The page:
UKIP sought to make Oldham a referendum on Corbyn but it ended up being a vote on itself

UKIP sought to make Oldham a referendum on Corbyn but it ended up being a vote on itself

Does immigration move votes in the way UKIP thinks it it does?

Over the past few days I’ve had three conversations with people who were in Oldham for the by-election and which are the basis for this post which seeks to explain why we all got it so wrong. Just look at the PB competition forecasts or the betting history and you realise that it wasn’t meant to be a LAB victory with an increased majority.

Since September 12th the dominant story within the Westminster bubble has been Jeremy Corbyn’s performance as LAB leader and this was the prism through which Oldham, the first by-election of the 2015 parliament, was viewed. This was going to be his big test.

Farage and the UKIP team sought to build on this and shape a narrative that Labour was in trouble. LAB was out of touch with its core vote on things like immigration a situation made worse by the choice of leader. The election, it was deemed, was going to be close with UKIP being the beneficiary.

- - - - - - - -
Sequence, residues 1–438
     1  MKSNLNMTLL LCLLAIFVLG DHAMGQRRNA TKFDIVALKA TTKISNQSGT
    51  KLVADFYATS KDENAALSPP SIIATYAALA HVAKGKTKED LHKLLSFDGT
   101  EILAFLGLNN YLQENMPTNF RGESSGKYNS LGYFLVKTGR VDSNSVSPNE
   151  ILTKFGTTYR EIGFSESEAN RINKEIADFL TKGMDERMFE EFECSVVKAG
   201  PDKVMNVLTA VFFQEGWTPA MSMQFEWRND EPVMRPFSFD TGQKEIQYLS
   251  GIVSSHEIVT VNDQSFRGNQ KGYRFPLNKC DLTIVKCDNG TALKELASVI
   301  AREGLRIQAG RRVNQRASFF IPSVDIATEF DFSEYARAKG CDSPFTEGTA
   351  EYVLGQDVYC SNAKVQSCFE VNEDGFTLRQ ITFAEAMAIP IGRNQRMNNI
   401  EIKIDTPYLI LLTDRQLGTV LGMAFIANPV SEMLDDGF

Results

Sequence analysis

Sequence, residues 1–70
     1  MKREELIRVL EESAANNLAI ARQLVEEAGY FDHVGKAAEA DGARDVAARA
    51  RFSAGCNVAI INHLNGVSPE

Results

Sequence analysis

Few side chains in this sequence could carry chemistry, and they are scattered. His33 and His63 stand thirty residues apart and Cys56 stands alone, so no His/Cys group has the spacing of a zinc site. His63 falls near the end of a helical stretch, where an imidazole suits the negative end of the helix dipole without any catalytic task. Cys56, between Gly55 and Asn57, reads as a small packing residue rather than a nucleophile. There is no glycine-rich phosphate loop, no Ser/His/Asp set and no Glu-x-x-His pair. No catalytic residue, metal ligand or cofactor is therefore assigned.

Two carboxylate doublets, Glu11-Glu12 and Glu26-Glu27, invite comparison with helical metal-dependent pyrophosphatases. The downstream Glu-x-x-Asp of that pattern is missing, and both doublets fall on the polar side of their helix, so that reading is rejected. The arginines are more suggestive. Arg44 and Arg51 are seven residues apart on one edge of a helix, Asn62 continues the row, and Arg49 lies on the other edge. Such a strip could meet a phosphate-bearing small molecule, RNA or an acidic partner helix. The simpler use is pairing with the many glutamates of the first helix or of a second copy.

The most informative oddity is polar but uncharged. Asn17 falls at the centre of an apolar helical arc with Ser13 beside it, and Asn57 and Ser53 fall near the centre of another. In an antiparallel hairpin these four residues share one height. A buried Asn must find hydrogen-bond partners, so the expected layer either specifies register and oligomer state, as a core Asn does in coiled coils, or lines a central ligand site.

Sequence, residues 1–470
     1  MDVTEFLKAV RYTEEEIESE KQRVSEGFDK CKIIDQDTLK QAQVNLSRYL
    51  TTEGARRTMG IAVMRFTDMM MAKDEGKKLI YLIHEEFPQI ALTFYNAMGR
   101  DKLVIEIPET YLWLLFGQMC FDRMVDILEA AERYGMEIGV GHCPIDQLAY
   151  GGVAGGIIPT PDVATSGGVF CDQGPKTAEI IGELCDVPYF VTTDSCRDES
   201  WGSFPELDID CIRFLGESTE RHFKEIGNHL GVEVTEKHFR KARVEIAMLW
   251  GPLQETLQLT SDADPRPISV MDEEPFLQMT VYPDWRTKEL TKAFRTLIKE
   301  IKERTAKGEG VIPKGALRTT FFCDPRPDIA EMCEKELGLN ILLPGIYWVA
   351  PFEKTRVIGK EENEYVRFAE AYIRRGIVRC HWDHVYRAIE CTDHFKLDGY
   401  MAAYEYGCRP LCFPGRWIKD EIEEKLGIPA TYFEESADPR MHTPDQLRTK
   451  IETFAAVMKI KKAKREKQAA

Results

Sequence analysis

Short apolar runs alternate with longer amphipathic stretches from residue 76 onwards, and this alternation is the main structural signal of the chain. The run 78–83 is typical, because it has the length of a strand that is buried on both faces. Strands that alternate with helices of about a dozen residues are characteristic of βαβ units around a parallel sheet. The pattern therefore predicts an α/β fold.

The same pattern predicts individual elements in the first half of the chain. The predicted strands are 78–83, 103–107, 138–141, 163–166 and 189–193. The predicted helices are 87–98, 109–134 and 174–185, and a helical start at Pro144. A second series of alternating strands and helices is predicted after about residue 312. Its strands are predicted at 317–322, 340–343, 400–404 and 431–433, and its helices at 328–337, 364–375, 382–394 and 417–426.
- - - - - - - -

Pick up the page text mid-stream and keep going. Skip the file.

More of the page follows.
On the ground the purples had their usual high profile making their presence felt with lots of posters and leaflets going out. The sheer intensity of communications that you get in modern by-election meant that very few voters were unaware that an election was taking place.

    Within the constituency the choice was seen not as whether they liked Corbyn but whether they wanted a UKIP MP or not. If they didn’t there was just one way to vote and that was LAB.

Many voters, I’m told, were motivated by the assumptions that UKIP, and the media, appeared to be making about them particularly in relation to immigration.

Given that Farage’s party along with the media were saying that the outcome was close then the imperative was to turnout, even in the bitter weather conditions in the town on the day. If you wanted to stop UKIP then you had to make damn sure that you voted. In the end the percentage was in excess of 40% which was very high for a by-election in a Labour heartland seat in the middle of winter.

On the day UKIP came so far behind Labour because its rhetoric on immigration didn’t resonate and might have alienated.

Mike Smithson

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